Archive for the ‘Prince Edward Island Landlords’ Category

Nova Scotia Landlords & Tenants Working Together

Thursday, January 4th, 2018

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We Invite Nova Scotia Tenants To Join Us In An Important Conversation On How To Improve the Rental Industry

Experienced and successful Nova Scotia landlords know one of the keys to success is to find good paying tenants. A good tenant will pay the rent on time and treat both the rental property and the landlord with respect. While many people think all landlords are rich the reality is very different.

Nova Scotia And Bad Tenants

Nova Scotia landlords do not have it easy at all! We aren’t big corporations with economies of scale, expensive lawyers on retainer and millions on the bank. We have a lot of challenges trying to run our rental businesses. Not only do we have to face tenants who abuse the system we also have to worry about new changes such as how legal marijuana will impact our rental properties.

Good Tenants

We also know there are lots of good hard-working and honest renters out there. These are people who do treat their landlord and rental with respect on pay on time and respect the lease.  These are tenants who desire there to be more high quality affordable housing for rent and don’t want those bad tenants to get landlords to leave the business, leaving less rentals on the market.

Good Landlords & Good Tenants, Working Together!

Good Nova Scotia landlords are looking to rent to good tenants and good Saskatchewan tenants want to rent from good landlords. So how about this? Let’s all work together as positive forces of good and improve the Nova Scotia rental industry!

Instead Of Confrontation & Blaming We Want Cooperation And Communication

We are inviting good Nova Scotia tenants to join us in the following ways to help improve our situation:

Share Your Stories and Opinions With Us

Share your experiences renting in Nova Scotia and you can help other tenants, landlords and educate people and play a role in improving the Nova Scotia rental industry.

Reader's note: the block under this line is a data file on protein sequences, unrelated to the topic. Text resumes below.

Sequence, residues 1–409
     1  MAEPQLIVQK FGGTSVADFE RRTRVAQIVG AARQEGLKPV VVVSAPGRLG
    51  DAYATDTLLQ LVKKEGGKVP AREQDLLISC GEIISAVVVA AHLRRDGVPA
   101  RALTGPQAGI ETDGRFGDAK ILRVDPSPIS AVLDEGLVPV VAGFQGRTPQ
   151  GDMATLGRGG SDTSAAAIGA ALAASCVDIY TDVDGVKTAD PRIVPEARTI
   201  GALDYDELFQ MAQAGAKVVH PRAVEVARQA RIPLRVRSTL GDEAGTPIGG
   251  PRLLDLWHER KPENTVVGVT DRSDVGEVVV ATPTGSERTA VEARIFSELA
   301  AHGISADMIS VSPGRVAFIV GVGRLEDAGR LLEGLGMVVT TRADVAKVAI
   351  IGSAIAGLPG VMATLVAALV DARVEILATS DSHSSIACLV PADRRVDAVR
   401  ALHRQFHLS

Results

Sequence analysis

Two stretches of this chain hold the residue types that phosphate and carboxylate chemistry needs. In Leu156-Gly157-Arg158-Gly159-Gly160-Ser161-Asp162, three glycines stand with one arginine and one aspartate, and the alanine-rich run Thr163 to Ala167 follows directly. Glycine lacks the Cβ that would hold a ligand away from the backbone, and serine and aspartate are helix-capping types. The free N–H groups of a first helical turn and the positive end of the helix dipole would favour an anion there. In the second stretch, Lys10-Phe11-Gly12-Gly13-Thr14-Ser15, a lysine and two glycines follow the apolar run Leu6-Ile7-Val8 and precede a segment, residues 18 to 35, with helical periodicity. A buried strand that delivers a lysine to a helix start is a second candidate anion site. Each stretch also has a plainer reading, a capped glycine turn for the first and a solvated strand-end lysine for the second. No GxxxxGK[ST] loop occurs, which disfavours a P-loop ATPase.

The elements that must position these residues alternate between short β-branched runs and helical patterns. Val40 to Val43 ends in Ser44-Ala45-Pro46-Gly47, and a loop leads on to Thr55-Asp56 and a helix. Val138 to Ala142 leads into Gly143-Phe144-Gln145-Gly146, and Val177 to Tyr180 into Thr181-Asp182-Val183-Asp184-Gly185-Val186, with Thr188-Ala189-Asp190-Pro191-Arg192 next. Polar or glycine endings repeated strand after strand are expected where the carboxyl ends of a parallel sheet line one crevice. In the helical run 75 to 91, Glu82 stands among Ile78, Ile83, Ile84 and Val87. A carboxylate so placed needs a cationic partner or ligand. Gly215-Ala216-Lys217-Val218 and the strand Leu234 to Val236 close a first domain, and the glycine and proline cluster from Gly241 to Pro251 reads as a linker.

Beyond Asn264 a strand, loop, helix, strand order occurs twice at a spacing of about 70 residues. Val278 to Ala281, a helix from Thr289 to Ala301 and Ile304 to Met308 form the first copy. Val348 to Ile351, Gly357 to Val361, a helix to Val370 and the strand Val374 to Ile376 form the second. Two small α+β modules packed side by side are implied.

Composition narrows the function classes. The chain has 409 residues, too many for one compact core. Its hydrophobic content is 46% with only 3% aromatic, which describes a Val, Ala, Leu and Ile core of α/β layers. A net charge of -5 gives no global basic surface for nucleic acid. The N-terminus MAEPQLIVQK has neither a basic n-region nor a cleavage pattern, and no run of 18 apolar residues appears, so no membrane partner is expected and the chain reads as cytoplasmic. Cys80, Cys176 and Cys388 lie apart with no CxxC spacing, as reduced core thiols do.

Become A Tenant Community Leader for the Nova Scotia Tenant Forum 

We are looking for 5 experienced Nova Scotia tenants to help run our Tenant forum and make it as helpful as possible for other Nova Scotia tenants to learn from.  As Tenant Community Leader who will be able to invite other verified tenants to join our forum to help educate the community. The goal is to create a sophisticated place for tenants to chat with each other.

Provide Us With Your Ideas for Policy Changes

Do you think some things need to change in Nova Scotia? We invite you to share your policy ideas with us.

Nova Scotia Landlords and Tenants in our Nova Scotia Rental Community

Let’s work together in 2018 for our mutual success. Let’s improve the rental industry and play a role in forming new policies. We invite tenants to join our community. If you are interested please email us at by January 15, 2018. Make sure you let us know about you and your renting experience and how you want to help (please note only those accepted with receive a reply)

Update on January 15, 2018 

Thank you for the overwhelming response of Tenants across Nova Scotia (and the region)! We now have filled the available positions for Nova Scotia (and regional) Tenant Community leaders. Keep watching for our next recruitment drive!.

Prince Edward Island Landlords Face Climbing Vacancy Rates

Sunday, July 7th, 2013

July 7, 2013

 Prince Edward Island landlord

As Vacancy Rate Climbs Prince Edward Island Landlords Face Challenges